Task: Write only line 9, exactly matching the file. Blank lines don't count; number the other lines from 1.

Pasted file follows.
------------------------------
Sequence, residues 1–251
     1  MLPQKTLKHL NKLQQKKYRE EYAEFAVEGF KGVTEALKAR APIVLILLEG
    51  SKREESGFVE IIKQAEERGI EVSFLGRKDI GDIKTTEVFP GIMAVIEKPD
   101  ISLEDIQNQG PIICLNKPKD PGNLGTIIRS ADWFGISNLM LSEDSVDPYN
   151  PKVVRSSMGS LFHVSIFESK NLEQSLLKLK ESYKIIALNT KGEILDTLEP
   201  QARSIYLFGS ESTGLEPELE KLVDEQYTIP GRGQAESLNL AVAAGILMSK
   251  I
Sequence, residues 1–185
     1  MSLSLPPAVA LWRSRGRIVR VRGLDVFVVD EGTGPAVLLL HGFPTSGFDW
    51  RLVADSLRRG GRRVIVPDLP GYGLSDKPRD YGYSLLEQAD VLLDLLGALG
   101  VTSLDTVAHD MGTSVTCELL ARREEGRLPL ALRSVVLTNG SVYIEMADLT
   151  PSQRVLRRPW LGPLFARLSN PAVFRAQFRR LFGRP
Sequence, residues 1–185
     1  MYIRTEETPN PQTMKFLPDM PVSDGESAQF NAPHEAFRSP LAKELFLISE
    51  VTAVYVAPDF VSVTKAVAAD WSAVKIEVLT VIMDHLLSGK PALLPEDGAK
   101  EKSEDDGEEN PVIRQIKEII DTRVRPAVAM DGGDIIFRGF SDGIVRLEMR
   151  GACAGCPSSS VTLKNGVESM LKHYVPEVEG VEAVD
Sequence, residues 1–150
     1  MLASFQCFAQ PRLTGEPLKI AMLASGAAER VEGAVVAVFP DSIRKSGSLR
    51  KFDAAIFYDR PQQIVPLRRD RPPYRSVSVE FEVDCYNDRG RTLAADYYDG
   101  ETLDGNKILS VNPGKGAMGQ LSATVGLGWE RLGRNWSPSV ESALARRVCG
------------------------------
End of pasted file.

     1  MSLSLPPAVA LWRSRGRIVR VRGLDVFVVD EGTGPAVLLL HGFPTSGFDW